The pair was eventually tracked to Ninety Mile Beach in the Far North and arrested in Kaikohe after an intense manhunt by detectives who found the revolver and the loaded Colt, with 15 rounds of ammunition, concealed in their hotel room. “I have nothing to say” Stewart said to police under questioning, “…it would not be wise to admit being owners of things like that”.
Back in Auckland, police found the masks in the Epsom house along with a few packets of tacks, left over from the escapade.
The men, who each had been using several false names since they arrived in Auckland, were charged with robbery under arms, discharging a revolver with intent to injure and obtaining credit by fraud, including the £20 from Winnie Turner of the Central Hotel. The two pleaded not guilty in the Magistrate’s Court but in written statements both apologised for their actions, saying they would recompense all those out of pocket. Kitching said the hold-up was Stewart’s idea and as far as he (Kitching) was concerned he was relieved they had been caught and he was freed from Stewart’s influence. Stewart apologised for the shot fired during the getaway… “the revolver went off accidentally”.
The two were sent for trial. In the Supreme Court they changed their pleas to guilty to the charge of robbery under arms. The other charges, except one of false pretences, were withdrawn. Sentencing was delayed until Kitchings’ relations arrived from Australia in support of the prisoner. Stewart told the Court he had telegrammed his family asking for money to be sent by cable to make restitution.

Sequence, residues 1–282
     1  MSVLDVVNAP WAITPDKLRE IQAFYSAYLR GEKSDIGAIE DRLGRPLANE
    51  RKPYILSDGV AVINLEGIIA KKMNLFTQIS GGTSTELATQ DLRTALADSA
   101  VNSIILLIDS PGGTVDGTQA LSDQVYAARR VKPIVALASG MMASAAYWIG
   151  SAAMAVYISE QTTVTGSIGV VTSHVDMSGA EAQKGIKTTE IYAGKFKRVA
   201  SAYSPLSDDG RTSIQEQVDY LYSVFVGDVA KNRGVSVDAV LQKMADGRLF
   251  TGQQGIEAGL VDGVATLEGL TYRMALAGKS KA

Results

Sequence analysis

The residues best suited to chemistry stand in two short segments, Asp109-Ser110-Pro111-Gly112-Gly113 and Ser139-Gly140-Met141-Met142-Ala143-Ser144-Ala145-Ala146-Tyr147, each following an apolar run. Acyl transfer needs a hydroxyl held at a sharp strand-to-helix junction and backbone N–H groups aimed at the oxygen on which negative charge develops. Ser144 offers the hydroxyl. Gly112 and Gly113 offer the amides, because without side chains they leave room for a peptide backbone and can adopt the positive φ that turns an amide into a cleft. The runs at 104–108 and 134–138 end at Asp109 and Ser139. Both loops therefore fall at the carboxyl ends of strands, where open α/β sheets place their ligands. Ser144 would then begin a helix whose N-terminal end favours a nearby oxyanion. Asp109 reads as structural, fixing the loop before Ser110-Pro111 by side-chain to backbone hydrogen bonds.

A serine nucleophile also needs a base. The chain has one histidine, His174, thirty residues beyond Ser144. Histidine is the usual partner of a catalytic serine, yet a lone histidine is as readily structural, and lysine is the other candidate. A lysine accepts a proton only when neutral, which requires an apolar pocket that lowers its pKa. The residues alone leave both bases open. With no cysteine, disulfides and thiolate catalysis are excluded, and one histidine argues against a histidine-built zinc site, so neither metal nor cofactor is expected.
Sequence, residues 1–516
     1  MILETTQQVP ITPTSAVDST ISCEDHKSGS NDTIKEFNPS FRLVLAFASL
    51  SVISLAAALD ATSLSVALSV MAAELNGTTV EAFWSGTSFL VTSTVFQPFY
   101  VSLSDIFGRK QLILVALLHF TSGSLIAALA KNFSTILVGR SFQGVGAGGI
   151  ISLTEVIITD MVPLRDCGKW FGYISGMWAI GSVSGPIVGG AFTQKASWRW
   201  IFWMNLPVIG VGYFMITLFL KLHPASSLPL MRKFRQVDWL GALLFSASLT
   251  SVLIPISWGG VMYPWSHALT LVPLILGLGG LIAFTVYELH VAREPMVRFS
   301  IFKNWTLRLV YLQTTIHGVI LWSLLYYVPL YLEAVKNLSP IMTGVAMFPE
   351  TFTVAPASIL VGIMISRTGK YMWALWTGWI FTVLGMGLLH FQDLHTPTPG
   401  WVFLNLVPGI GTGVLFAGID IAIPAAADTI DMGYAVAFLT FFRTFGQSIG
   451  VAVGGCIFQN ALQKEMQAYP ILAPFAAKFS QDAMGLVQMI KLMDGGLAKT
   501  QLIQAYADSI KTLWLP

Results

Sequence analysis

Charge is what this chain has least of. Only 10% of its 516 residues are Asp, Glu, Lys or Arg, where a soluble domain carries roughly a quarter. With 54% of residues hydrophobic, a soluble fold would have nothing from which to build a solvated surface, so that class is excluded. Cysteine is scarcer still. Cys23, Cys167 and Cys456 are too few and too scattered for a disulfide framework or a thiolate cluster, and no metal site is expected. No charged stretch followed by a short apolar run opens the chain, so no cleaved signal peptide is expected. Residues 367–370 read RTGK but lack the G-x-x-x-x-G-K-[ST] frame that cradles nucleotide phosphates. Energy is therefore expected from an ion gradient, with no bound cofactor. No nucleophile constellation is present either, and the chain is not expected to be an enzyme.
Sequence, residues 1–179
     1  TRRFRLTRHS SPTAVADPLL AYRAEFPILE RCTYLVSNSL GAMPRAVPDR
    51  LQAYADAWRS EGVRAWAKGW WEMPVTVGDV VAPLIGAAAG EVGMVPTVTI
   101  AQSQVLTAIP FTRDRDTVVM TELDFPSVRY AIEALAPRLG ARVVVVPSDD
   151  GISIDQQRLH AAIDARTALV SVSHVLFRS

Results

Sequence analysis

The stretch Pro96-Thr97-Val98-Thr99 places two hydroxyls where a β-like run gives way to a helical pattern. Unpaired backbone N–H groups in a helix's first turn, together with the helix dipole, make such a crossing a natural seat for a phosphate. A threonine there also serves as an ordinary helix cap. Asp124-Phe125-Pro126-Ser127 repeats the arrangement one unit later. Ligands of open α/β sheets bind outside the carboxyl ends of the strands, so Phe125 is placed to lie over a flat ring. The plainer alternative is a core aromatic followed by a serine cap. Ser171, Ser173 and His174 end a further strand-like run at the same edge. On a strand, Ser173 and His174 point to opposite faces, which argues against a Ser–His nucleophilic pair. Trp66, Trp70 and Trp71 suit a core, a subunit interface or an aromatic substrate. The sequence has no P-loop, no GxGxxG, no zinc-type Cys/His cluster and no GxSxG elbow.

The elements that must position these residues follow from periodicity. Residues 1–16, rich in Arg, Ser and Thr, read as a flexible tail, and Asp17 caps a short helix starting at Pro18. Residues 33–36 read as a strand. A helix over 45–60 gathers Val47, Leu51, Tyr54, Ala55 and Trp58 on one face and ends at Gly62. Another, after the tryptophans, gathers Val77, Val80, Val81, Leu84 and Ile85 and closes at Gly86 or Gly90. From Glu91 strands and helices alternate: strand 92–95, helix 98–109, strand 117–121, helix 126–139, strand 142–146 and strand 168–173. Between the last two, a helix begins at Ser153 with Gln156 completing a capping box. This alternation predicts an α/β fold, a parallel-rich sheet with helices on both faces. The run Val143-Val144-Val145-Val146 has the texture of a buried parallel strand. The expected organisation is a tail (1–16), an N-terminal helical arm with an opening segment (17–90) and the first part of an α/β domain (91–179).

On the day of sentencing Kitchings’ family was in Court to suggest he return to Australia where he would be confined to an outback farm, out of trouble. Stewart said he was unable to pay back those financially hurt. The telegram he had received from America read simply “Love and Sympathy, Trust in God – Mother”.
The Judge, Mr Justice Blair, described the two as “amateur highwaymen” and sentenced Kitching to jail for a year, Stewart for 18 months.
Shorters got their car back… as well as tales to tell about its criminal adventures not to mention the considerable mileage that had been run up. In the words of that Shorters’ advertisement the car had “…seen New Zealand in an interesting way…”, well much of Northland, anyway, including travelling some of its unformed roads, fording un-bridged streams and being bogged in the salty sands on Ninety Mile Beach.
Papers Past, National Library of New Zealand
RCC August 2013/June 2019/April 2020